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Max-Planck-Institut für extraterrestrische PhysikMPE

- Gamma-Ray Astronomy -

Project:   INTEGRAL


  MPESearch MPE MPE   Group Gamma-Ray Astronomy   Group Projects   Project INTEGRAL







INTEGRAL Spectrometer SPI

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  INTEGRAL is a European (ESA) Gamma-Ray Observatory Satellite Mission for the study of cosmic gamma-ray sources in the keV to MeV energy range. It was launched on 17th October 2002 for a 3+2year mission. Since 2008 INTEGRAL is in its "extended mission phase" and will be operated till at least 2020 or beyond, until its re-entry in 2029. It celebrated 15 years in orbit (see THIS video). INTEGRAL has two main instruments, the Imager "IBIS" and the Spectrometer "SPI". (see Group fact sheet on INTEGRAL by ESA, and Group INTEGRAL Info (in german) by DLR)

->SPI is a coded-mask spectrometer telescope with a 19-element Germanium solid-state detector camera and a massive anticoincidence shield of BGO scintillation detectors. Science objectives are nucleosynthesis, relativistic-particle accelerators, and strong-field signatures in compact stars; this is studied through nuclear lines and spectral features in accreting binaries, pulsars, or solar flares, but also through energetic continuum radiation in the 20 keV - 10 MeV range from the variety of cosmic sources, including AGN and gamma-ray bursts.the SPI

SPI is a collaborative international project, with CESR Toulouse and MPE as PI-Institutes (MPE Co-PI Roland Diehl). The MPE provided the anticoincidence system of SPI (SPI ACS Project Manager and Co-I Giselher Lichti, ACS Specialist and Co-I Andreas von Kienlin), while CESR provided the Ge Camera, and other institutes provided components such as coded mask and electronics systems. Total costs of the SPI instrument were 105 Mio EUR.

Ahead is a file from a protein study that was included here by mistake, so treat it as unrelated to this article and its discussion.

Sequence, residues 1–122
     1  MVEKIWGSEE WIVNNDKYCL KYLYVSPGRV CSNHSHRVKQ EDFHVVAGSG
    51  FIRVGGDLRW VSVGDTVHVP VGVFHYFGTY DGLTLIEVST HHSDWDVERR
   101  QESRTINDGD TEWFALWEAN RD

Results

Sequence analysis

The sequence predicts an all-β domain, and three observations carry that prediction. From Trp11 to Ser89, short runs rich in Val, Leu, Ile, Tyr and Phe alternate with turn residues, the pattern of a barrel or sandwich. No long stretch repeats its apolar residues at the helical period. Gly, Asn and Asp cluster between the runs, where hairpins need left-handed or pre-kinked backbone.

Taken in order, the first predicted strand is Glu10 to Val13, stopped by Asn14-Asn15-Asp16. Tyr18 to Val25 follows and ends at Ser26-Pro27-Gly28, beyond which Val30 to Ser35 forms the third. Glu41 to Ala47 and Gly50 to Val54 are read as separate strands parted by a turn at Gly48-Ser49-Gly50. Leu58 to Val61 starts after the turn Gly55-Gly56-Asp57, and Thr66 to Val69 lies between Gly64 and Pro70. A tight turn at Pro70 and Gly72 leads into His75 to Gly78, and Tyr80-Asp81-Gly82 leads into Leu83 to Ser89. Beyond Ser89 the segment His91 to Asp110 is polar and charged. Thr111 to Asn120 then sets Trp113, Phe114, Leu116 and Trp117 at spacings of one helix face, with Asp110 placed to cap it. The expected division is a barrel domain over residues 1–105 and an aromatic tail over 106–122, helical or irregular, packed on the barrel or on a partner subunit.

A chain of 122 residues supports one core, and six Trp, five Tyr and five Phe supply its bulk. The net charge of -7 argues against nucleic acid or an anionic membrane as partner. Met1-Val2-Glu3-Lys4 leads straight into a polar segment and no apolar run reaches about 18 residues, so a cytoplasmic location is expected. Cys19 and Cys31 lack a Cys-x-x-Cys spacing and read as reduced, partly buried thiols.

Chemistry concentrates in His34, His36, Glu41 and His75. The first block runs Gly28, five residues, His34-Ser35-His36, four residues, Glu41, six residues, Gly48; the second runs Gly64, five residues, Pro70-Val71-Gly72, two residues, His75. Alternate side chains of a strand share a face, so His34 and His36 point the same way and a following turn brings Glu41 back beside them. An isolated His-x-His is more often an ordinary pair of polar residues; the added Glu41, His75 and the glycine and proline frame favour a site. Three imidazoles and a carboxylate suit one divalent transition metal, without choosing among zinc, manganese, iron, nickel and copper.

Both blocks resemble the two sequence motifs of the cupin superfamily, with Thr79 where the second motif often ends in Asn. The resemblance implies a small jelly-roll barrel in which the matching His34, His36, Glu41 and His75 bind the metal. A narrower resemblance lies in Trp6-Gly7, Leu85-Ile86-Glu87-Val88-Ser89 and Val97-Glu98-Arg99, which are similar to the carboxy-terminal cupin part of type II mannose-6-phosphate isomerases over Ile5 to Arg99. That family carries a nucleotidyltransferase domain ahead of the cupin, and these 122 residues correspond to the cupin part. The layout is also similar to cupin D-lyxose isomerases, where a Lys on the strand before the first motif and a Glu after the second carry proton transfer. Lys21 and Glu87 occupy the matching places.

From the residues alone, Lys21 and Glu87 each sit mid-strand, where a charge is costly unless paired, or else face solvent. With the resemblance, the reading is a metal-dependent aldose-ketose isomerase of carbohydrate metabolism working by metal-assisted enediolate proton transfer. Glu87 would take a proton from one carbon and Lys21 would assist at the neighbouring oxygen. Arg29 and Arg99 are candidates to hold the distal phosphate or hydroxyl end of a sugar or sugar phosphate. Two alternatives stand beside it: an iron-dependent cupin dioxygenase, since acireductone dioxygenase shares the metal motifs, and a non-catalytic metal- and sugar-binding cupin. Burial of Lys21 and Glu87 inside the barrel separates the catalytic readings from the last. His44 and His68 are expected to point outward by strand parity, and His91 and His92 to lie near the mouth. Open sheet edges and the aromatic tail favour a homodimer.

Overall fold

MPE monitors the in-flight operations and performance of the SPI  anticoincidence subsystem as one of the key detector components of SPI, and is responsible for its maintenance and operation during the mission. From this system's mission data, MPE derived and maintains a Gamma-Ray Burst Catalogue.  Data processing and initial analysis is centralized for INTEGRAL at the ISDC (ISDC Co-I from MPE is Andrew Strong).  CNES was the main industry contractor for instrument assembly. DLR supports the German part of INTEGRAL (~26M up to launch, ~2M Ops).

MPE's science studies with INTEGRAL employ gamma-ray line spectroscopy from radioactivities due to nucleosynthesis (diffuse emission and individual supernovae), and continuum emission in the 20 keV to few MeV band from sources such as diffuse Galactic cosmic rays, gamma-ray bursts, and other point sources (accreting binaries, pulsars, AGN). Major results by MPE scientists are tracking of current Galactic nucleosynthesis sources through 26Al and 60Fe decay gamma-rays and their deeper multi-wavelength study in specific star-forming regions, the positron annihilation imaging and its astrophysical investigation through the characteristic 511 keV line emission, the decomposition of Galactic-ridge gamma-ray emission into its various source components and their interpretation, population studies on active galaxies and their emission beyond 20 keV into the Compton-thick regime, and transient gamma-ray outbursts from violent sources such as magnetars and gamma-ray bursts.

More: A Report of the Main-Mission Funding Period in Germany 2002-2010 (in german).
         Science publications since 2002 until now are listed here.


Last update: 2018-02-23 by R. Diehl mail
Authorized by R. Diehl mail
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